GPS signals are decreasing and the number of GPS jammers is increasing

In this context, navigation researchers are requesting GPS backups, and the National Institute of Physics and other institutions are taking steps to respond. Fortunately, backups are already by our side, and this idea has existed since the 1940s. Like GPS, it provides navigation and accurate time notification, which is enhanced LORAN (eLORAN). Basic LORAN (LORAN is short for long-range navigation), but the same as GPS, instead of ground-based satellite radio signals. It has no global coverage, but it can be better than GPS. LORAN is much stronger in wavelength than GPS signals, and it is almost impossible to be shielded by GPS Jammers.

The new version of eLORAN uses a more reliable transmitter and an improved cesium atomic clock. The software has also been modified, the error is about 10 meters, and the time is almost as accurate as GPS. Last said that in future receivers, users may even switch to eLORAN. In Europe, a team from the British National Lighthouse Association is testing eLORAN and recommending that the British government expand it. But in the United States across the Atlantic, the current LORAN service is about to close. So far, the US government has rejected all proposals to invest in eLORAN. The annual cost is about US$20 million, which is less than launching a GPS satellite. Jewelry said: "We hope people with vision and technical knowledge in the government can understand it."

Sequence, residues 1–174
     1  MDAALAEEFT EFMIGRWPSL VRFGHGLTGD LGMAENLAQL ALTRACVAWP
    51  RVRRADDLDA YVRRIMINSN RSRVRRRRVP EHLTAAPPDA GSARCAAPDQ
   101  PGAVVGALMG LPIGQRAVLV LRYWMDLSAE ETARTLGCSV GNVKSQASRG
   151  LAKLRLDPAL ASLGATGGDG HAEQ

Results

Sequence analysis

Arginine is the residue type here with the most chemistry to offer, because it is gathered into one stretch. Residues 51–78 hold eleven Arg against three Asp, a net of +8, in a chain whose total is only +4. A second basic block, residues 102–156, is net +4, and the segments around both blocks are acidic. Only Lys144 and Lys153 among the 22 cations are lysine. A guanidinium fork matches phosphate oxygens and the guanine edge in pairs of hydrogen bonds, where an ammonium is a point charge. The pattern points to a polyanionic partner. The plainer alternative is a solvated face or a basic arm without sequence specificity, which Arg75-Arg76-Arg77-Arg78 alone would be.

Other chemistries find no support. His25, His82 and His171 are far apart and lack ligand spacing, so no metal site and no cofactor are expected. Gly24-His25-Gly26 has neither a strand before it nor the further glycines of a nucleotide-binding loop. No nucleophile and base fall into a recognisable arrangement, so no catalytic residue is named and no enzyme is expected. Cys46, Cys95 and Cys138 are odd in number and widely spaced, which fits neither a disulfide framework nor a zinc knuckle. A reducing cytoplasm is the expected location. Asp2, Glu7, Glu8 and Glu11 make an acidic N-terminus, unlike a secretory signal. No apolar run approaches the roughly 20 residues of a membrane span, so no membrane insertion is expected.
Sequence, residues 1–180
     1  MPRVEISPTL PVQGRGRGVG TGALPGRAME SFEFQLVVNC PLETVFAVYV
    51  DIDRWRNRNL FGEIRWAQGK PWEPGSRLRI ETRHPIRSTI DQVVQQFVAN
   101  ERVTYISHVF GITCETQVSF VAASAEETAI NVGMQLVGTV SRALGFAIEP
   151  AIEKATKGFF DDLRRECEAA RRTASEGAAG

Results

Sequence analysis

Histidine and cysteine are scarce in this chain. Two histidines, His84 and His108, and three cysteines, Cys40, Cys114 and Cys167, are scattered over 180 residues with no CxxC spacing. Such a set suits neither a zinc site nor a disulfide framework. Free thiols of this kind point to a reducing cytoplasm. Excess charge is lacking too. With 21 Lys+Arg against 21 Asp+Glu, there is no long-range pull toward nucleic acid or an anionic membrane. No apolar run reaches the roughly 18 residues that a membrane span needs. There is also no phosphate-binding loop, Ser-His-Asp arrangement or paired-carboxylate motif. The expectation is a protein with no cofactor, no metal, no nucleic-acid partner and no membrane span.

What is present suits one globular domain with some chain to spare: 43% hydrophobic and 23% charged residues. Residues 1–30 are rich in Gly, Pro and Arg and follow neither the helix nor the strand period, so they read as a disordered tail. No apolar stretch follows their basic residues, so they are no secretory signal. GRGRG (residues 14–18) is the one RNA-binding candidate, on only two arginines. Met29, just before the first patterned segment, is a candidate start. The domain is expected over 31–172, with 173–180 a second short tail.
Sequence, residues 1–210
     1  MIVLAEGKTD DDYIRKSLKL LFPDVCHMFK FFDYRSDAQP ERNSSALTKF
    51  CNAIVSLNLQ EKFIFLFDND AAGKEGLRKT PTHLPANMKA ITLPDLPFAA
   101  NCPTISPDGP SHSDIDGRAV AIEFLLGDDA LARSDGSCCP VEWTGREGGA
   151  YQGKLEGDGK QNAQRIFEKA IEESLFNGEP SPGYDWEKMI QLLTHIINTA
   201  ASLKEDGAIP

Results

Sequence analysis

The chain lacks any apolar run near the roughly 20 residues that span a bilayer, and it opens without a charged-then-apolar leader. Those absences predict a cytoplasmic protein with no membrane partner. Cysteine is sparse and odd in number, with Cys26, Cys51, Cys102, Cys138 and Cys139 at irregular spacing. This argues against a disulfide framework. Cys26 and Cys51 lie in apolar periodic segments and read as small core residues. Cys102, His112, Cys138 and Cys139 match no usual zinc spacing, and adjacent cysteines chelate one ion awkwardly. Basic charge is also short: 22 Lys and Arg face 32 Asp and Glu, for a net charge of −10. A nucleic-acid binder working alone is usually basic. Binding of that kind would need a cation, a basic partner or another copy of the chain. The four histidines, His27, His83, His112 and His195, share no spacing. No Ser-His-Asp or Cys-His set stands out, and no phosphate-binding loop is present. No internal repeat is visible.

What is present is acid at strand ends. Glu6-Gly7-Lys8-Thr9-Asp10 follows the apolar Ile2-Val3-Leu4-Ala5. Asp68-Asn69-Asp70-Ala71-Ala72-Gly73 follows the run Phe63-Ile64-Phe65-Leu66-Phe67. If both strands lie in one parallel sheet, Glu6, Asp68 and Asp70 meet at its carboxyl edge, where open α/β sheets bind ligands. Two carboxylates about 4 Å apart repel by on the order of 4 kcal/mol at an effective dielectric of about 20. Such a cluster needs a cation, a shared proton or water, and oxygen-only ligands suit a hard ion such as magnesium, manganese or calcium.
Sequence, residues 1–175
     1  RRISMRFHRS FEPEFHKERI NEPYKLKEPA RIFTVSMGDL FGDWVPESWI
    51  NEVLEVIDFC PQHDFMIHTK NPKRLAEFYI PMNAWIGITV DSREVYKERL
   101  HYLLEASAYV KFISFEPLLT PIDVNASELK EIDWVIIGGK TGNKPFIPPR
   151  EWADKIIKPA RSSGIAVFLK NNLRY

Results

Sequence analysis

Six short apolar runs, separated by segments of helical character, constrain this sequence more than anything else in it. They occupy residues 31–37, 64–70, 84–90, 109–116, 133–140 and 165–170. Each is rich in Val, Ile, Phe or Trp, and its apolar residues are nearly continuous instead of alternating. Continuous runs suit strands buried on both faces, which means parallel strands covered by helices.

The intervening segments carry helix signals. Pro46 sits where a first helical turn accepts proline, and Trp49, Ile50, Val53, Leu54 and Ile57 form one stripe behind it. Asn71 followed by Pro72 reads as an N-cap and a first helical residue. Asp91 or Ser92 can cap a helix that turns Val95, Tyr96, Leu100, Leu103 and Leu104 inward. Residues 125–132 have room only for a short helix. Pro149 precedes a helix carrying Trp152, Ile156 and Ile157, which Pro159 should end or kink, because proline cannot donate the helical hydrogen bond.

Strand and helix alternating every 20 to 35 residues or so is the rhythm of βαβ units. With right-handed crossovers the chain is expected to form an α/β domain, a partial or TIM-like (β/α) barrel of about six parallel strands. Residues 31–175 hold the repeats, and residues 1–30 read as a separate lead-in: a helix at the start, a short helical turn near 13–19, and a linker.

GPS signals may no longer be needed in the next 20 to 30 years. If atomic clocks become cheaper, all you have to do is to embed them in the device itself that requires precise time. As for the navigation function, the IMU (Inertial Measurement Unit) will eventually track the movement from the starting point without any external signals. Currently, IMUs use gyroscopes to measure direction and accelerometers to measure speed. By using this information together with time information, acceleration can be converted into speed and distance, and relative position can be calculated without the need for GPS jammer equipment.

Currently, IMUs are large and expensive, traveling 1.5 kilometers per hour. But the Advanced Research Projects Department of the US Department of Defense plans to improve performance by using microchip-sized atomic clocks and similar small and accurate acceleration sensors. Although such safety nets have been introduced, the number of generations who do not understand life without GPS is increasing, and the number of jammers is also increasing. In addition, like San Diego, the chaos caused by GPS outages may be more frequent. GPS is considered vulnerable while unknowingly becoming a living infrastructure. It seems necessary to take urgent measures such as legal and technical measures.